3. Keep Websites Up To Date
Just as you regularly update your computer, you should also run security updates on your website. Most web hosts will notify you when you need an update. Don’t ignore them! The few minutes it takes to do an update can save you hours of frustration trying to restore a compromised website.
If you’re paying someone to manage your website, ask them how often they check for updates and what happens when urgent security patches (bits of code that fix holes in software design) are released.
While you’re at it, make sure you’re doing regular backups of your student data. If you lost access to your site for some reason, would you also lose access to all of your student data? Talk to your IT manager and web host about how to keep secure backups of student and website data.
4. Choose Reputable Service Providers
You probably partner with service providers for things like credit card processing and course registration. Make sure that the companies you choose to partner with follow website security best practices as well. If your site is secure, but your web server is vulnerable, you’ll still be a target for cyber attacks.
They should offer 256-bit SHA-2 Encryption, perform regular backups, and come well-recommended by others in your industry. For service providers who handle credit card information, look for PCI compliance and AES-256 encryption.
If you’re using plug-ins, integrations, or other site add-ons, make sure they come from reliable service providers with a record of success in the industry.
Plug-ins are more likely to be safe if they:
- Come from a company you recognize
- Are updated regularly (check for the date of the last update)
- Have a high number of downloads or users
- Get a high number of positive reviews
5. Talk To Your Web host about Security Certificates
You’ve probably noticed that every website starts with the letters http or https. These letters describe how data is transported to and from your site, but you don’t need to be an expert in hypertext transfer protocol to make smart website security choices. The important thing to note is that the “s” in https stands for secure.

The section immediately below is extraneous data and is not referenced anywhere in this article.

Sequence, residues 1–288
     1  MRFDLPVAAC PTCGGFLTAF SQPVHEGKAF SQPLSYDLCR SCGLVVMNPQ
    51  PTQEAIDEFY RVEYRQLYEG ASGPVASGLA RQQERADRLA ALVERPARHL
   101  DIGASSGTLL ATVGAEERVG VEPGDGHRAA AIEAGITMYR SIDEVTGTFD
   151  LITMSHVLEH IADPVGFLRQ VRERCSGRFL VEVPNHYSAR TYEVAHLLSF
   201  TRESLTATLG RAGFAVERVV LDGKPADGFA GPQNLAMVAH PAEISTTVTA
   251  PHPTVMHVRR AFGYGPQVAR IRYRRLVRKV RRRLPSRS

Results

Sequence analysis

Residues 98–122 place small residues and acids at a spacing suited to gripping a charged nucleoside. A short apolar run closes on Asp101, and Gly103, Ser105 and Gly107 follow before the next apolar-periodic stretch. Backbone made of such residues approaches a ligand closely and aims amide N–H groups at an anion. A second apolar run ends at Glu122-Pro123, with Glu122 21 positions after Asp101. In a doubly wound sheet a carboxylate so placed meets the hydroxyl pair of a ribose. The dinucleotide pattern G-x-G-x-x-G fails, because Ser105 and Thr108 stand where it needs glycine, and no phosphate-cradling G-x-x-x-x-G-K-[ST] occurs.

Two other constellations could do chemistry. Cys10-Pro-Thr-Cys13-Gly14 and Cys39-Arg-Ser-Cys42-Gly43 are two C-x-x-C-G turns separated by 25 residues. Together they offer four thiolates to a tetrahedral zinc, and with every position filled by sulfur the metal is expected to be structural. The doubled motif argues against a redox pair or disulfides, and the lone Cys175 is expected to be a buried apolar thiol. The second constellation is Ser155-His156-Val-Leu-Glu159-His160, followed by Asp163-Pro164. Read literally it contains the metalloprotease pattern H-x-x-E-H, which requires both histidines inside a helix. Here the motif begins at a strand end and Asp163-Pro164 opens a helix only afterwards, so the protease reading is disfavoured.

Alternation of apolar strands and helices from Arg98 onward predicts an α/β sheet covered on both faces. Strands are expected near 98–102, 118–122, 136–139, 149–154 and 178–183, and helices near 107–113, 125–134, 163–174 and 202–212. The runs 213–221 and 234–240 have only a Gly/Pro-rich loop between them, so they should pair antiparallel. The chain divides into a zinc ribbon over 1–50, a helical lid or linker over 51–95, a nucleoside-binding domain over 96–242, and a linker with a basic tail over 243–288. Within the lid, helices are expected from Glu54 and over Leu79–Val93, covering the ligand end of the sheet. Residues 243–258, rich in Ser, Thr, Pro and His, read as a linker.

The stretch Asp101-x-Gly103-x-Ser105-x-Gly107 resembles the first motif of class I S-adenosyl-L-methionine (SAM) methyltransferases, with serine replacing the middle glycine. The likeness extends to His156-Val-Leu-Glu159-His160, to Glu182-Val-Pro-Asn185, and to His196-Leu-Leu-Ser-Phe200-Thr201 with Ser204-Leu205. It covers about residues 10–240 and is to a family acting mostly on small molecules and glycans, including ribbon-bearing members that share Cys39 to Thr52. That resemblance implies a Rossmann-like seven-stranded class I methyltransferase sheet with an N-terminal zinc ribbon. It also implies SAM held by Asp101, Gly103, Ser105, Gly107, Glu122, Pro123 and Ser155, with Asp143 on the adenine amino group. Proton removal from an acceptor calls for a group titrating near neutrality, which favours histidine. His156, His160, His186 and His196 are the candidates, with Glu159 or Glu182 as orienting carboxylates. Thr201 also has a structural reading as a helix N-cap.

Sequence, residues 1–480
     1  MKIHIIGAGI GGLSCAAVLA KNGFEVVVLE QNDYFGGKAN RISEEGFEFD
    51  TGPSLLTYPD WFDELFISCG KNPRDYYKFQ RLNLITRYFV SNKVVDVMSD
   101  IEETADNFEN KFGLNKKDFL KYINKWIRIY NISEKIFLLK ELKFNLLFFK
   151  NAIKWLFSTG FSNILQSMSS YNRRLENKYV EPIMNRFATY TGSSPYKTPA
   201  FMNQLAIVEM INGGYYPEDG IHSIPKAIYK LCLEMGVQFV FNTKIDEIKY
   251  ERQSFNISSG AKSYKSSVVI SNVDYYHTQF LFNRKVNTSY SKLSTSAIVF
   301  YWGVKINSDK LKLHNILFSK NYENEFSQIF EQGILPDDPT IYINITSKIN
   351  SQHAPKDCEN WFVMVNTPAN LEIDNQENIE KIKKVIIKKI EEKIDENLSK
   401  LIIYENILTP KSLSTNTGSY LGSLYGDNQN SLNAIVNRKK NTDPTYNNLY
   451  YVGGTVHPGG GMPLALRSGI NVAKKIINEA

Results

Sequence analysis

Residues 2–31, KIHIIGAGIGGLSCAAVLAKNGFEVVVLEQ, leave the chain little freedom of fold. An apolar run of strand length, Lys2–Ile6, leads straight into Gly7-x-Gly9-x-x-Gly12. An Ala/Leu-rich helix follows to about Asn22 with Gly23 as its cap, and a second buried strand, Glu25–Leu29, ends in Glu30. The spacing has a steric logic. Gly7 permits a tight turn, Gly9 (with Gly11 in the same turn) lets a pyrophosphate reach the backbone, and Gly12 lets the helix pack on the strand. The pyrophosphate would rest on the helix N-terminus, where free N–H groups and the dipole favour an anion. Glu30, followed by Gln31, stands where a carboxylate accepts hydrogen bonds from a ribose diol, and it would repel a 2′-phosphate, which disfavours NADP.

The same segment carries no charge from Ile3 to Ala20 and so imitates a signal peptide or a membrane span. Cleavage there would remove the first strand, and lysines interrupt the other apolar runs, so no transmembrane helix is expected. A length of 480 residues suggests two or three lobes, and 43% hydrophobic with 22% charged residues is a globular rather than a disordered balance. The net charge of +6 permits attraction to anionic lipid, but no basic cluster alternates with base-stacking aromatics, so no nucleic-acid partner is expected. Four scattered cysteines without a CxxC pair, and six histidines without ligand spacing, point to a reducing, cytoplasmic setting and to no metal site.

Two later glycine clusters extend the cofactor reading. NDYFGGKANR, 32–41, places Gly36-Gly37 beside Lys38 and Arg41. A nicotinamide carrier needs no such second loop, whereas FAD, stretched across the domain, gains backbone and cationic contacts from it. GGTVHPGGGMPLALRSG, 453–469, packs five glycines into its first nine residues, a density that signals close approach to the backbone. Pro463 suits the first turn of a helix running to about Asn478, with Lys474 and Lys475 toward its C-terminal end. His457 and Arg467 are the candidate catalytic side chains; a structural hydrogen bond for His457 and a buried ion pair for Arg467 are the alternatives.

Google prioritizes https sites. In fact, if you still have an HTTP site, it may be flagged by Google as unsecure. A search engine may include a message in the URL bar that says “not secure” or a screen might pop up warning users not to share information with this site.
If that happens, students may not feel confident sharing their information with you. That can lead to fewer registrations.
Avoid this by making sure you have an SSL certificate on your site. Different web hosts have different procedures for how to do this. If you still have a site without https, talk with your web host or technical support professional about getting a security certificate.
6. Monitor Your Site
Technology keeps evolving, and so do website security requirements. Even if you built your site to meet the most stringent website security best practices, it might still become vulnerable over time.
Monitor your site for signs of attack. Your website administrator probably has safeguards in place, but you can help too. Pay attention to how your site is performing. Notice if:
- Your site suddenly seems slower than usual
- Service is interrupted for no obvious reason
- Strange pop-ups appear
- Links take you to unexpected places
If you notice any of these circumstances, you may have a security issue. Let your web administrator know if you notice anything suspicious so they can take action.
Balancing Security and Convenience in Website Security Best Practices
One of the major challenges of website security is balancing security and privacy with user convenience. If your system is too difficult to use, students may choose not to enroll. However, if it’s too simplistic, bad actors may find a foothold.
Most of the recommendations above are invisible to the user. When considering passwords and multi-factor authentication, weigh ease of use against your security concerns. Explaining why you require certain security measures can help students and staff feel more confident in your decisions.
Your Secure Student Registration Service Provider
CourseStorm offers strong encryption to protect your data as it moves through the internet. We follow all the best practices for credit card processing and card storage as laid out by the Payment Card Industry Data Security Standard. Our software and data are housed in state of the art data centers surrounded by a multi-tiered security system. Trust us to be the strongest link in your website security defenses. Contact us to learn more or start a free trial!